Recent research suggests patients presenting with central retinal artery occlusion (CRAO) have a significantly higher risk of acute vascular ischemic events such as stroke and myocardial infarction immediately following the CRAO. A new retrospective cross-sectional study shows that risk has been increasing over the years, nearly doubling from 7.7% in 2003 to 15.3% in 2014.1
Researchers from Yale School of Medicine and West Virginia University School of Medicine reviewed the approximately 17,117 CRAO inpatient admissions in the United States from 2003 to 2014 to identify the risk of acute vascular ischemic events. They found 12.9% of CRAO patients admitted had a subsequent stroke in the hospital, while 3.7% had acute myocardial infarction. The combined risk of in-hospital stroke, transient ischemic attack, acute myocardial infarction or mortality was 19%. Further analysis revealed positive predictors of an in-hospital stroke included female gender, hypertension, carotid artery stenosis, aortic valve disease, smoking and alcohol dependence or abuse.1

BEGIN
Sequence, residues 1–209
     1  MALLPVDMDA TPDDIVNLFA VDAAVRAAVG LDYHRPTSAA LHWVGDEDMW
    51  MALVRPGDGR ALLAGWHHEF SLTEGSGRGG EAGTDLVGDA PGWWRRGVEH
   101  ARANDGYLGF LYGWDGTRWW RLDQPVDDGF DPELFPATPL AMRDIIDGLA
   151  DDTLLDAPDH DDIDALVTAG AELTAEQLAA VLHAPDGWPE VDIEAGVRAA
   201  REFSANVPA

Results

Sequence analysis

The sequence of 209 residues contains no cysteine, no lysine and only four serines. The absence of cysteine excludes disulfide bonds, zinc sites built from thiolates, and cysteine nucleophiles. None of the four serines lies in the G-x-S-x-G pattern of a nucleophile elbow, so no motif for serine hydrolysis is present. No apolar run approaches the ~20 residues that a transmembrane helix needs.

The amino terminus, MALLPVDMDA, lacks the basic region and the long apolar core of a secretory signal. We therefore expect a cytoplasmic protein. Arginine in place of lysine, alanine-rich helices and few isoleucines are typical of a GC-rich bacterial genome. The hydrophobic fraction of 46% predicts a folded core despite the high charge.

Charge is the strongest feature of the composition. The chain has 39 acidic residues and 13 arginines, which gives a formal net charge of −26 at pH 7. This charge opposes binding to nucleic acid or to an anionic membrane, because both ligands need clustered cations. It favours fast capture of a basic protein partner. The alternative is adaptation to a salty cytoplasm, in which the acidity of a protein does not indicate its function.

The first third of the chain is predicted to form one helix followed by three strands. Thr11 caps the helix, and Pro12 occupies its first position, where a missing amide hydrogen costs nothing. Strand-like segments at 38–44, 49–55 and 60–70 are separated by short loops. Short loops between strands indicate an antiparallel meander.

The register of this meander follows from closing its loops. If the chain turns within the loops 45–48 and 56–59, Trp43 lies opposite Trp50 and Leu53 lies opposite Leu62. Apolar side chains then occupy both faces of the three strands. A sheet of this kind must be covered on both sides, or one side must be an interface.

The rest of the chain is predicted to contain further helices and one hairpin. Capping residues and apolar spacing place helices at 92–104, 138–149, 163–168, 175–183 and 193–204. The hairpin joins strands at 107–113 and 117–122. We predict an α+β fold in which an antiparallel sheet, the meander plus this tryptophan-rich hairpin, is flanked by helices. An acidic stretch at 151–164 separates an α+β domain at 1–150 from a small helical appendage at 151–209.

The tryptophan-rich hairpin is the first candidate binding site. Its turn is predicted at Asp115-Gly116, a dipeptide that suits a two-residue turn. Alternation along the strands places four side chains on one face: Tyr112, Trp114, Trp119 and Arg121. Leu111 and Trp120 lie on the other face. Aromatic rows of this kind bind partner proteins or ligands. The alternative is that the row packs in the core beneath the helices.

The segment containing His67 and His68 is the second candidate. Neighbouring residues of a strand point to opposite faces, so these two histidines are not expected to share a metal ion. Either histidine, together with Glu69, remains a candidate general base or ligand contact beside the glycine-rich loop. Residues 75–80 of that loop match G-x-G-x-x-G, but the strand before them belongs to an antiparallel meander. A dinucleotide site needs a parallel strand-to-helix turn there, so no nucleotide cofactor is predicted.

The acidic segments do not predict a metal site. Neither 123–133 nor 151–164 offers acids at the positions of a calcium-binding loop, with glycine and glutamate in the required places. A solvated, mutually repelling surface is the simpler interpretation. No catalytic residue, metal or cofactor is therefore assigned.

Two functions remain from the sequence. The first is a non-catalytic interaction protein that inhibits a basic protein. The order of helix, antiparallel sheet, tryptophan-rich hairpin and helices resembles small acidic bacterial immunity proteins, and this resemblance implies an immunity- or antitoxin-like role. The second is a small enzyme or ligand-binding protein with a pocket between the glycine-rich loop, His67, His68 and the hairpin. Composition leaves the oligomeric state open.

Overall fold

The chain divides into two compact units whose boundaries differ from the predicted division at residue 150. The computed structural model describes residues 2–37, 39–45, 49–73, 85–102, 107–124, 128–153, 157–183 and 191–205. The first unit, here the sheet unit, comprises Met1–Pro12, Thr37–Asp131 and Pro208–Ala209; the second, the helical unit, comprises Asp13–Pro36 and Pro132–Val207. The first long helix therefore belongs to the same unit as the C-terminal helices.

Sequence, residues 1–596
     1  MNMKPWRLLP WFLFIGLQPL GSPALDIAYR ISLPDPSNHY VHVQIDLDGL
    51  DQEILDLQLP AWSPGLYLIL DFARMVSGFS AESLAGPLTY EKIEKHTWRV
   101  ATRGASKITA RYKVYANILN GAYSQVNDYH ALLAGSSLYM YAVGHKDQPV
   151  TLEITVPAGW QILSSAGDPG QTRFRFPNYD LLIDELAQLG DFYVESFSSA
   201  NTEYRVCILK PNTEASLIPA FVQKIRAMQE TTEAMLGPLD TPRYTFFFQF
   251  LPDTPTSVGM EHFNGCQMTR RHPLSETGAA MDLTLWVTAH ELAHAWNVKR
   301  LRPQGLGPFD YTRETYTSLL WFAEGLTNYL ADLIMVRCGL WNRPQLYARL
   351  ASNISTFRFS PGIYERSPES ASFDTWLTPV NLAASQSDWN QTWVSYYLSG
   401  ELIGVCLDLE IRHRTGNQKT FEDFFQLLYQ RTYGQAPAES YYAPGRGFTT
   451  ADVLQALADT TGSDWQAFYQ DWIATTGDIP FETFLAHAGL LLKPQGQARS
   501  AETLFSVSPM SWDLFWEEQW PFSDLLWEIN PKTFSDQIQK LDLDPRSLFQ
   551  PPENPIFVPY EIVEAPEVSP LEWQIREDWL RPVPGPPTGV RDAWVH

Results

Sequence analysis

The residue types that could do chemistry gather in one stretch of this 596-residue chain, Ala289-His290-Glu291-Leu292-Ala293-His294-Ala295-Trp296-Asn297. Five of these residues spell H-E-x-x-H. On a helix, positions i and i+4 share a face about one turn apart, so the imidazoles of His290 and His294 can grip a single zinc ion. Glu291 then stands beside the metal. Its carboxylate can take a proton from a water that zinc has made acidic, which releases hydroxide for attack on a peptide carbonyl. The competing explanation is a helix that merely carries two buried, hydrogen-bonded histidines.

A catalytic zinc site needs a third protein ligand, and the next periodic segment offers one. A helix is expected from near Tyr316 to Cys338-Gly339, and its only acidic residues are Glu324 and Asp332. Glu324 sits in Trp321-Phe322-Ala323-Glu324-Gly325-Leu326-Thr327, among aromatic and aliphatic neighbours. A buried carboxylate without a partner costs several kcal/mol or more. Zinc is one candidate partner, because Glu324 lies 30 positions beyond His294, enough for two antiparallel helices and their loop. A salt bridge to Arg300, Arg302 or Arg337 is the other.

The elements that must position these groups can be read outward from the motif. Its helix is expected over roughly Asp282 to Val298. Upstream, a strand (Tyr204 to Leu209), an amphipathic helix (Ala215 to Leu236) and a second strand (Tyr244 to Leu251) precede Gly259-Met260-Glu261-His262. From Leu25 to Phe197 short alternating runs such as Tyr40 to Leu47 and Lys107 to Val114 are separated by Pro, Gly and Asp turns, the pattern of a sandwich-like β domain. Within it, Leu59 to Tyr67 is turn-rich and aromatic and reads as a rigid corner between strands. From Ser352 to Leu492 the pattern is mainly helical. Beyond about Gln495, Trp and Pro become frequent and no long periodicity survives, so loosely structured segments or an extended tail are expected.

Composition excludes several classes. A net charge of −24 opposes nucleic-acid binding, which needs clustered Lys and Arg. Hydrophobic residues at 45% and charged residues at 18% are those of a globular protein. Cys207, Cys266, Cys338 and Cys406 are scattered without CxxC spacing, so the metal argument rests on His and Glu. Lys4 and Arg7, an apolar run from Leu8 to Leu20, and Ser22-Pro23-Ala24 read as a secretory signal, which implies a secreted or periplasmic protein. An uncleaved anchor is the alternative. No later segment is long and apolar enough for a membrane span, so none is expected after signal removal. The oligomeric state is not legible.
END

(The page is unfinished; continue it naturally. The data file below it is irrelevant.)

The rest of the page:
“These findings emphasize that eye care providers should urgently refer patients with CRAO to stroke centers or emergency departments,” said Kathleen F. Freeman, OD, in a Practice Update commentary.2
1. Mir TA, Arham AZ, Fang W, et al. Acute vascular ischemic events in patients with central retinal artery occlusion in the United States: A nationwide study 2003-2014. Am J Ophthalmol. January 25, 2019. [Epub ahead of print].
2. Acute vascular ischemic events in patients with central retinal artery occlusion in the US. www.praticeupdate..com February 6, 2019.